Witton, Gemma (University of Wolverhampton, 2019-09-13)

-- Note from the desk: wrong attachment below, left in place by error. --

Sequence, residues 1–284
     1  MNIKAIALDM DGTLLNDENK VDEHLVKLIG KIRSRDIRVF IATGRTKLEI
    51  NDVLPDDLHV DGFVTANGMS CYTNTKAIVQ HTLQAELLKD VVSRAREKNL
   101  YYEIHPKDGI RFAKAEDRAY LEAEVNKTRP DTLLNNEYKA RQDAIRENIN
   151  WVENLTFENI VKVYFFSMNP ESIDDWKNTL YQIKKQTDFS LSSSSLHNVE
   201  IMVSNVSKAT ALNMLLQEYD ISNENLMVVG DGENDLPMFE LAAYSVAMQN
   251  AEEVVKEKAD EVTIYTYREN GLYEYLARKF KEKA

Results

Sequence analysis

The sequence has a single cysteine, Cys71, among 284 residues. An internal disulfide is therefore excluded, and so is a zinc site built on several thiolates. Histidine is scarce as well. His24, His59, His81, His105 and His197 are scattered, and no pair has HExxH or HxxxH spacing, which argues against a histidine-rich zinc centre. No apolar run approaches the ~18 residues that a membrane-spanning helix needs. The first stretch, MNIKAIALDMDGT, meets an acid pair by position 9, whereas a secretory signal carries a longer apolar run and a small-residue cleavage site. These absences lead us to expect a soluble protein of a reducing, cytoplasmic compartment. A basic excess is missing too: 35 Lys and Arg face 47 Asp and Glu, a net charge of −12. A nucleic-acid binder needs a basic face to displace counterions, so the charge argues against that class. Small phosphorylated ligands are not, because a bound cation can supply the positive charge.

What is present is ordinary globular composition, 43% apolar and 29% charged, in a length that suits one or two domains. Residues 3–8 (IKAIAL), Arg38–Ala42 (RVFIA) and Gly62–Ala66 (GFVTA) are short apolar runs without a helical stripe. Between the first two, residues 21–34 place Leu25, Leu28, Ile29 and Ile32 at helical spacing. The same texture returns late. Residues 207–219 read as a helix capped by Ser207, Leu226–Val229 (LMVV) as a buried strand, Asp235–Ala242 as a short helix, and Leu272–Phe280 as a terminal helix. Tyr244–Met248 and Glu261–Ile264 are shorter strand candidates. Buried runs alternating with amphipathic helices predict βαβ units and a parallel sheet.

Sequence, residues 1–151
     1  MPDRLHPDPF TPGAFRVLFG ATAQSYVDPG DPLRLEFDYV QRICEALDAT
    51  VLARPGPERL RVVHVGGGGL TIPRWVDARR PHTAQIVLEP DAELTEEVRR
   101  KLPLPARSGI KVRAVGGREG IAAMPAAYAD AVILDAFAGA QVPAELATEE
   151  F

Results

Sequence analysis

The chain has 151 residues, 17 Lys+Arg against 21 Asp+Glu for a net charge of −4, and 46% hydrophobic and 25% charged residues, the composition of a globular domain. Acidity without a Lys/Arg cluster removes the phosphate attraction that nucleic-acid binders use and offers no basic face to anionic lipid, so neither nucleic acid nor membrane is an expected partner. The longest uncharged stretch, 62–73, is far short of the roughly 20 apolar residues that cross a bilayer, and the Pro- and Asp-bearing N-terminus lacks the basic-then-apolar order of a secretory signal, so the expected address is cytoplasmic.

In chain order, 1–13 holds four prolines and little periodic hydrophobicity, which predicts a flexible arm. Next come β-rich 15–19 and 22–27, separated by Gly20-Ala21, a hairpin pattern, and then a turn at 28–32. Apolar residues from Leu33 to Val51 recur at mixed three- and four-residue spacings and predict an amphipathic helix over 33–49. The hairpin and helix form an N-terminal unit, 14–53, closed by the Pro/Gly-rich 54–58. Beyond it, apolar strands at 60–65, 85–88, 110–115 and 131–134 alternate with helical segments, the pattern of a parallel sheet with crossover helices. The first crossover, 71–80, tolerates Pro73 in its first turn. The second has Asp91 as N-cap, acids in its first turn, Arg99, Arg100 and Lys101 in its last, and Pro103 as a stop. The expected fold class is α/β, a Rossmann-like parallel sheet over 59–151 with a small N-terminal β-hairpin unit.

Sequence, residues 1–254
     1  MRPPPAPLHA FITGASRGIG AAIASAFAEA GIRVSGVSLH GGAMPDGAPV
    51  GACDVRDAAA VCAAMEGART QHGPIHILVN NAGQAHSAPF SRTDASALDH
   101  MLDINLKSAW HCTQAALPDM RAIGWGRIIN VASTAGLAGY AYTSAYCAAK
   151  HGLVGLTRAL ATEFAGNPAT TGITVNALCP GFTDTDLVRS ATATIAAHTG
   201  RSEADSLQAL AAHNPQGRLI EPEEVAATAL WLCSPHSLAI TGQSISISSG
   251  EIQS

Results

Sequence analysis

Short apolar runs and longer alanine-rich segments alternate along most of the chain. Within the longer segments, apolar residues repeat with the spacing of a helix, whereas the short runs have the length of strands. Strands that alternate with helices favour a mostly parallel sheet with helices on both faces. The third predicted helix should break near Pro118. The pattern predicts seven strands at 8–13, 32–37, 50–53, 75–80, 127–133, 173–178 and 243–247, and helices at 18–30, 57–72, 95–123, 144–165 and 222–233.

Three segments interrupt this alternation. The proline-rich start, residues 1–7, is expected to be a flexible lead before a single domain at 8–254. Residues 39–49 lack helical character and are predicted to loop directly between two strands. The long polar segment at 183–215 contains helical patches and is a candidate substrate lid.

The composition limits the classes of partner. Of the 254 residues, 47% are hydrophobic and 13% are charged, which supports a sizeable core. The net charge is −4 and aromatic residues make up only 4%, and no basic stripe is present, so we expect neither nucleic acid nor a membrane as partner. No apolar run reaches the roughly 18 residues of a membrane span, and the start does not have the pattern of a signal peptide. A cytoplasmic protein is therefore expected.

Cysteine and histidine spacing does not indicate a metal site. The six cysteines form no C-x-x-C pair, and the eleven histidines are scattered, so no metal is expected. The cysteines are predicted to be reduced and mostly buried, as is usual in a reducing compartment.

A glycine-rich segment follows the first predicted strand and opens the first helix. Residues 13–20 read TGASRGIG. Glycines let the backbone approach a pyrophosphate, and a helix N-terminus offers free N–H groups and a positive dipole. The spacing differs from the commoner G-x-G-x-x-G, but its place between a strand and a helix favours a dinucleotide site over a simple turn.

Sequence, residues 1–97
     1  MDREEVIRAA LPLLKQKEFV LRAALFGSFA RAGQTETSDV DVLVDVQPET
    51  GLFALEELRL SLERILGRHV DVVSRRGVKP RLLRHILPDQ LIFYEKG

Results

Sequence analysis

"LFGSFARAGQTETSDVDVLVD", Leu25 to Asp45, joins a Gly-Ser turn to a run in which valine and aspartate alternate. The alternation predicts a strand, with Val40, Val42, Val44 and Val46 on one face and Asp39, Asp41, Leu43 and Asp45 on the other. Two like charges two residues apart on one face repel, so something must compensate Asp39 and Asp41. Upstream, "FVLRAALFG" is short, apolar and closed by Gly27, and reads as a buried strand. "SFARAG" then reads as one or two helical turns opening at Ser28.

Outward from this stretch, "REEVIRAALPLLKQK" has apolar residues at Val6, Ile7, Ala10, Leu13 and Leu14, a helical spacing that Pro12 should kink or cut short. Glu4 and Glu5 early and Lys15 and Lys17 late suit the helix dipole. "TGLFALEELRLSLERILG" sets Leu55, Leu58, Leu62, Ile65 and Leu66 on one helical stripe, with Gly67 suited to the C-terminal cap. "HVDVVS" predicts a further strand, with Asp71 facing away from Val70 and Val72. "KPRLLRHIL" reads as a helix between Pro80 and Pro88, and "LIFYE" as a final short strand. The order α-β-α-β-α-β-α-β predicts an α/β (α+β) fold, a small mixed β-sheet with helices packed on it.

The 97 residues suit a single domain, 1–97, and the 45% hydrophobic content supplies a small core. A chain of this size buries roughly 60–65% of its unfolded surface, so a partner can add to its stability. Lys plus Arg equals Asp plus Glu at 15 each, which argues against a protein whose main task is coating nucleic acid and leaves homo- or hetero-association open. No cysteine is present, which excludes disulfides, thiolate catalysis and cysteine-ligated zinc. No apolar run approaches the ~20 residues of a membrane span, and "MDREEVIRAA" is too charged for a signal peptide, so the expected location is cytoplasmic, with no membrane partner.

The published literature on (lecture) capture technologies is often conflicting and sometimes controversial. A common thread among many studies is the impact of recorded lectures on student satisfaction, attendance and performance. Whether your personal opinion is in favour, against or indifferent to this practice, you will undoubtedly be able to find a publication which supports your point of view. However, many of these studies fail to take into account the many and varied ways in which capture technologies are being used by educators in Higher Education to support teaching and learning, beyond the recorded lecture. This presentation builds on findings of a pilot study at the University of Wolverhampton (Witton, 2016) which recommended a shift in focus away from traditional lecture capture, advocating for more purposeful use of capture technologies to support learning in discipline-specific contexts. It will include a brief overview of the findings to date of a quantitative analysis of capture technology analytics data. This goes beyond the volume of student viewing, taking into consideration the wider context in which capture technologies are used to create different types of content. It will also explore recording:viewing ratios as a measure of student engagement and share the outcomes of an investigation, identifying factors which may contribute to higher levels of student engagement with recorded content. Interim findings suggest that students are more likely to engage with shorter pieces of content, and with content that is directly linked to other learning tasks such as skills development and assessment.